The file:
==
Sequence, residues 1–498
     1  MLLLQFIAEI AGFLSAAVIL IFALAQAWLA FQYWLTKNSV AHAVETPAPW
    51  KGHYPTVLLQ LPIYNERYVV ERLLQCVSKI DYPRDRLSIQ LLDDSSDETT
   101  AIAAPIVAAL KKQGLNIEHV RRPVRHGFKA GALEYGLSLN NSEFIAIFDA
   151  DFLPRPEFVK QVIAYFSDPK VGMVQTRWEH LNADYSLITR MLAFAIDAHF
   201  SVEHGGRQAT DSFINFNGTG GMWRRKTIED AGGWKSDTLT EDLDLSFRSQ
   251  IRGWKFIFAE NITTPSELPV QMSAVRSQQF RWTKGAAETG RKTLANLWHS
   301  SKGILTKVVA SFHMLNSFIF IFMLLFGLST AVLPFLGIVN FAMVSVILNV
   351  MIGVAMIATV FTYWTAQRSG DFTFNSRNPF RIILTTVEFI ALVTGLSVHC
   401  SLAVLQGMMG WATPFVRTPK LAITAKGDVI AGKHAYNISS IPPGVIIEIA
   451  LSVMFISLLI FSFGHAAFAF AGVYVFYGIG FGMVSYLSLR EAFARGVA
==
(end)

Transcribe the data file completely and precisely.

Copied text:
Sequence, residues 1–498
     1  MLLLQFIAEI AGFLSAAVIL IFALAQAWLA FQYWLTKNSV AHAVETPAPW
    51  KGHYPTVLLQ LPIYNERYVV ERLLQCVSKI DYPRDRLSIQ LLDDSSDETT
   101  AIAAPIVAAL KKQGLNIEHV RRPVRHGFKA GALEYGLSLN NSEFIAIFDA
   151  DFLPRPEFVK QVIAYFSDPK VGMVQTRWEH LNADYSLITR MLAFAIDAHF
   201  SVEHGGRQAT DSFINFNGTG GMWRRKTIED AGGWKSDTLT EDLDLSFRSQ
   251  IRGWKFIFAE NITTPSELPV QMSAVRSQQF RWTKGAAETG RKTLANLWHS
   301  SKGILTKVVA SFHMLNSFIF IFMLLFGLST AVLPFLGIVN FAMVSVILNV
   351  MIGVAMIATV FTYWTAQRSG DFTFNSRNPF RIILTTVEFI ALVTGLSVHC
   401  SLAVLQGMMG WATPFVRTPK LAITAKGDVI AGKHAYNISS IPPGVIIEIA
   451  LSVMFISLLI FSFGHAAFAF AGVYVFYGIG FGMVSYLSLR EAFARGVA